Maddon's first Cubs ejection comes after key homer
Myers gives Padres lead after controversial ball call could have ended inning
By Sarah Trotto
CHICAGO -- Joe Maddon received his first ejection as the Cubs' manager on Friday afternoon. He was in no mood to continue complaining after the game.
Maddon and the club believed home-plate umpire Sam Holbrook should have called a third strike on Wil Myers in the seventh inning. On the next pitch from reliever Brian Schlitter, Myers hit a three-run home run to give the Padres the lead in their 5-4 victory over the Cubs.
With a 0-2 count facing Myers and two outs in the inning, Schlitter's third pitch was called a ball. Schlitter threw a two-seam fastball on the next pitch that Myers drove to center field for his first homer of the season.
"Even though we probably should've gotten the call there, we still have to make a better pitch on the next pitch," Maddon said. "That's part of this game. You're not always going to get the calls you're looking for. I'm not here to cry about it. I don't want us to be crybabies."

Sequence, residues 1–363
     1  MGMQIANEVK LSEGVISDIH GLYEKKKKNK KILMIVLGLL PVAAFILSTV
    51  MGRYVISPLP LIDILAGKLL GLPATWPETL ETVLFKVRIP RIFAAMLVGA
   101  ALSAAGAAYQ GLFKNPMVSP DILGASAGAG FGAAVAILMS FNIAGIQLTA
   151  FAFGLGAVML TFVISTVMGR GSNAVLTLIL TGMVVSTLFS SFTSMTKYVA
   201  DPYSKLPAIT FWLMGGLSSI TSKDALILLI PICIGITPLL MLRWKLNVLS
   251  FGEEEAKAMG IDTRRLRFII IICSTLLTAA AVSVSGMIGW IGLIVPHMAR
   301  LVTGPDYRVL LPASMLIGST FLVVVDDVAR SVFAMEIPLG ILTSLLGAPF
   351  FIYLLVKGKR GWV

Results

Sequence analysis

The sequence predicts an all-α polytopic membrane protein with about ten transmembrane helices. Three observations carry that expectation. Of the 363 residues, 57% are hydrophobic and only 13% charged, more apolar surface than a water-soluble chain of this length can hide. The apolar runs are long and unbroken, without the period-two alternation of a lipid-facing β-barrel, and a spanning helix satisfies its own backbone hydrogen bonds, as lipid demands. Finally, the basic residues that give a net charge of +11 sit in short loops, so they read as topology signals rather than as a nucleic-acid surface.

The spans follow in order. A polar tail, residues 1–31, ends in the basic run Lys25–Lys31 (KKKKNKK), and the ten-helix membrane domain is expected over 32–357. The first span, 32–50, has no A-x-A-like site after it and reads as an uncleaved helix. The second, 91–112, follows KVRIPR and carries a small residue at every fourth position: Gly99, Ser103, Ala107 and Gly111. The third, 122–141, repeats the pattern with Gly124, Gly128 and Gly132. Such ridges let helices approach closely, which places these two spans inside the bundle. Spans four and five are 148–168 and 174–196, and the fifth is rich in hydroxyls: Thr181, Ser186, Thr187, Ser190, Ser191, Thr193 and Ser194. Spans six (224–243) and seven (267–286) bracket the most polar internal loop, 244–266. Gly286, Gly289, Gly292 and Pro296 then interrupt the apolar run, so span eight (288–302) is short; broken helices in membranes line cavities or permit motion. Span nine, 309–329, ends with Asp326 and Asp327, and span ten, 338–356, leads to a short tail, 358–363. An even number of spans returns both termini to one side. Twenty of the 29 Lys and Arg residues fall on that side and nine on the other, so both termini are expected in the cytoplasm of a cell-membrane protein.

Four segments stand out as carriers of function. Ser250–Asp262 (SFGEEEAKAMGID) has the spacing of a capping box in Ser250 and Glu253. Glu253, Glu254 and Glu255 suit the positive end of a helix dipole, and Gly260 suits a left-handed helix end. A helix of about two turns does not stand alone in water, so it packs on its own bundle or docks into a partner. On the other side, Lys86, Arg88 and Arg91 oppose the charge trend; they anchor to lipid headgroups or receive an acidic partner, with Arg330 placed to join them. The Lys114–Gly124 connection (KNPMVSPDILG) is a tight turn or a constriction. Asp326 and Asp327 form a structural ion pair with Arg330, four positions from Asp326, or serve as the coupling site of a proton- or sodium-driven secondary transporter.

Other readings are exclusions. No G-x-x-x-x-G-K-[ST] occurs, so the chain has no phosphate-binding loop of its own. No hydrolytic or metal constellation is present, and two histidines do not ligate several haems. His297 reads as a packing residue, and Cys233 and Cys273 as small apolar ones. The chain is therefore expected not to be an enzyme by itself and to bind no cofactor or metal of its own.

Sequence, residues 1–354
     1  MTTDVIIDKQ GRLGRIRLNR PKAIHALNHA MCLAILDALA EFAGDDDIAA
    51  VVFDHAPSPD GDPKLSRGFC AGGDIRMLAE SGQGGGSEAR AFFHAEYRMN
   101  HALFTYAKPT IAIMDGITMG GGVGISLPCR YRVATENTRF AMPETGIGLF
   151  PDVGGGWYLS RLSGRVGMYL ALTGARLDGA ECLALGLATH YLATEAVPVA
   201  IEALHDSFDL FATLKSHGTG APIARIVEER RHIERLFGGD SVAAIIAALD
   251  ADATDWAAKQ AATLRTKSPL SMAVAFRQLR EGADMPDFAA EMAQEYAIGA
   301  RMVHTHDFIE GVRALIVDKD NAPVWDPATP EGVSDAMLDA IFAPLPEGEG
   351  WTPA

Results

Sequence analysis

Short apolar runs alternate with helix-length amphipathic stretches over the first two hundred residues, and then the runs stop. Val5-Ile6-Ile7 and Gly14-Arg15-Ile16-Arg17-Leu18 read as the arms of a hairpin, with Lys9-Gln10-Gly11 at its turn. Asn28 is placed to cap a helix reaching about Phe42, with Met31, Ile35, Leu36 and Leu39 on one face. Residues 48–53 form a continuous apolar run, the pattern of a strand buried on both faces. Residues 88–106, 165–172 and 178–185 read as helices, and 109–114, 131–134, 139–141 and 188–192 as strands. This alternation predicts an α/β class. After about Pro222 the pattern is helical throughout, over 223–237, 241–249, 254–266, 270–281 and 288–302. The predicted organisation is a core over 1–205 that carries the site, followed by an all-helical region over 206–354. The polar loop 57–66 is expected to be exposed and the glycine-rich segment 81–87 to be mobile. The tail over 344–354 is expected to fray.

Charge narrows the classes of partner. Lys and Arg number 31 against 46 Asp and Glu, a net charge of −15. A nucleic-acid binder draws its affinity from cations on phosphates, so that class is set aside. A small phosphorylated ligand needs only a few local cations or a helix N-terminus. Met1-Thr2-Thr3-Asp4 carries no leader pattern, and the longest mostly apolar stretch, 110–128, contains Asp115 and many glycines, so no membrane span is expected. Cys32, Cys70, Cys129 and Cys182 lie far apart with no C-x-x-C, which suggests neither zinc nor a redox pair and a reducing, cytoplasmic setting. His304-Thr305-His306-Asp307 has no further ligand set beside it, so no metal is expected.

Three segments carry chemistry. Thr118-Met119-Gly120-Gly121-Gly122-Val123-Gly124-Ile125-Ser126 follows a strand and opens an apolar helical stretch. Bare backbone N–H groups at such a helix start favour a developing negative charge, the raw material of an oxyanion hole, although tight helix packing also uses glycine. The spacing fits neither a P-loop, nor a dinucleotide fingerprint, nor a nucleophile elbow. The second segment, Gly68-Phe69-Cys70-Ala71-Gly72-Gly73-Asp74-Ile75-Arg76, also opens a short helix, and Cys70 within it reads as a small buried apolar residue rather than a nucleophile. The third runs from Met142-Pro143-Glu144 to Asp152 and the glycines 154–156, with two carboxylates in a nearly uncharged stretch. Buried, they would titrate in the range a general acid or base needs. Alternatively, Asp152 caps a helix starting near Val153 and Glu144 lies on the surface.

Maddon had an animated conversation on the mound with Holbrook after the home run.
"I felt really strongly about [Schlitter] right there," Maddon said. "The biggest thing there is he's probably the guy who puts the ball on the ground more than any of our relief pitchers, so I thought it was a better chance of a ground ball. Of course, we like to have that pitch called a strike, but even after it wasn't, you have to make a better pitch than that. So, I'm not going to sit here and blame umpires for a lack of execution."
Maddon said he also wanted a called third strike on the pitch before Will Middlebrooks' two-run home run off starter Jason Hammel in the fourth inning.
"Oh yeah, that was intentional, absolutely," Maddon said about his ejection. "We still have to execute better in the moment, but I can't permit that to happen without saying something. I really believe even prior to the home run by Middlebrooks, that was a strike also, so I let that one slide and I just couldn't let it slide twice."
Sarah Trotto is a contributor to MLB.com. This story was not subject to the approval of Major League Baseball or its clubs.